WASHINGTON, March 17, 2011 — An executive order on detainees issued this month will strengthen national security and promote the rule of law, Deputy Defense Secretary William J. Lynn III told a congressional committee today.
The order for periodic review of detainees’ status strikes a balance between their rights and national defense needs, Lynn told the House Armed Services Committee.
“Our goal is to ensure a system of detention that is balanced and fair with respect to the detainees, and is sustainable and credible with the U.S. courts, the Congress, the American people and our allies,” Lynn said.
President Barack Obama issued the order March 7, directing that detainees held without a trial at Naval Station Guantanamo Bay, Cuba, go before a periodic review board within a year, and annually after that, to have their cases assessed.
Each detainee also is entitled to a six-month file review between board assessments. The board is to include representatives from the Defense Intelligence Agency, the Joint Chiefs of Staff and the State Department.
The order also requires the attorney general and defense secretary to assess whether prosecution is still feasible and in the country’s national security interests. In light of the order, Lynn said, Defense Secretary Robert M. Gates has lifted a suspension on new military commission charges.
The administration has reviewed the status of each detainee since 2009, Lynn said, and Congress passed the Military Commissions Act of 2009.
“With that piece of legislation and other reforms, we believe that the military commissions, along with federal civilian courts, are an important tool to bring detainees to justice,” he said.
Defense leaders disagree with restrictions Congress has placed on transferring Guantanamo detainees to the United States for prosecution, the deputy secretary said. As Obama and Gates have made clear, Lynn said, “we must have available to us all tools that exist for preventing and combating international terrorist activity, … including the option of prosecuting terrorists in federal court.”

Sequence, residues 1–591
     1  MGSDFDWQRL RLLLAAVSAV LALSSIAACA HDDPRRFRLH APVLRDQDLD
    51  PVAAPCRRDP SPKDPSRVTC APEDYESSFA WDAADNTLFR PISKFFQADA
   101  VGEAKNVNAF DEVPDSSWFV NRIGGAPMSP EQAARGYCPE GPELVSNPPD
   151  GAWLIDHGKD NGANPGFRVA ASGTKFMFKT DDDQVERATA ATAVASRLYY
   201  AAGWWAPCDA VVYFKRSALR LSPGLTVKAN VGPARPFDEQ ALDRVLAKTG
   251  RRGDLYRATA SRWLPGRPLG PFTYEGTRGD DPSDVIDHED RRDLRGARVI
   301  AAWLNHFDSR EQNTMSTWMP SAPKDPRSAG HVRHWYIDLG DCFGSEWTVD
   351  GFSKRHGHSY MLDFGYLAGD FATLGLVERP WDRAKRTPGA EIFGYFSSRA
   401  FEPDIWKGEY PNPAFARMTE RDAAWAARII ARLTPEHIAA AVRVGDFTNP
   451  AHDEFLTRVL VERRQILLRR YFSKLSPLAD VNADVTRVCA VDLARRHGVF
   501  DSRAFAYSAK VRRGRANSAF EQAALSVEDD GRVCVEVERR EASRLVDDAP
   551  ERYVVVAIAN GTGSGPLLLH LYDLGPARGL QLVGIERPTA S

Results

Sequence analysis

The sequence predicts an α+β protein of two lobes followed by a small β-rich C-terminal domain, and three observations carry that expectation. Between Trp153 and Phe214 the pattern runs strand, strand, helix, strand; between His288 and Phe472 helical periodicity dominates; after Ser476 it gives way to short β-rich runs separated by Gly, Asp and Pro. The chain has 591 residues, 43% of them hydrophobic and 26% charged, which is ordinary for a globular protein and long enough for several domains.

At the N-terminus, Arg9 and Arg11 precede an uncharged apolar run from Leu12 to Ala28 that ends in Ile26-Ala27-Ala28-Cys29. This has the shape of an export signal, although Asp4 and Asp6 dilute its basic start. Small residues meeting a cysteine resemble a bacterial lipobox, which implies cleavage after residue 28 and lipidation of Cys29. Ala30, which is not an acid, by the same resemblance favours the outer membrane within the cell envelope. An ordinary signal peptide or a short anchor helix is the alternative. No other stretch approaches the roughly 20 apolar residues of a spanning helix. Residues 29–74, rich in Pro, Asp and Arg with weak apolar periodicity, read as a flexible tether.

Some Guantanamo detainees pose a continuing threat to the United States, but have not been charged, convicted or designated for transfer, Lynn said. “For this group, the president said we must have a thorough process of periodic review so that any prolonged detention is carefully evaluated and justified,” he added.
The executive order also directs representation for detainees facing the review board, and stipulates detainee treatment will follow applicable laws relating to the transfer, treatment, and interrogation of individuals detained in an armed conflict.
“Overall, we believe these initiatives will promote clear, credible and lawful standards for the detention and prosecution of those who remain at Guantanamo,” Lynn said. Jeh C. Johnson, defense general counsel, testified along with Lynn. It’s important to note that Guantanamo detainees are those identified as terrorist enemies by Congress’ 2001 Authorization for Use of Military Force, Johnson said.
The defining question, Johnson said, must be, “Is this person part of the congressionally declared enemy in the congressionally declared armed conflict?” If the answer is yes, Johnson said, “that’s something that may well be a matter for our military, versus law enforcement.”
U.S. Department of Defense
Office of the Assistant Secretary of Defense (Public Affairs)
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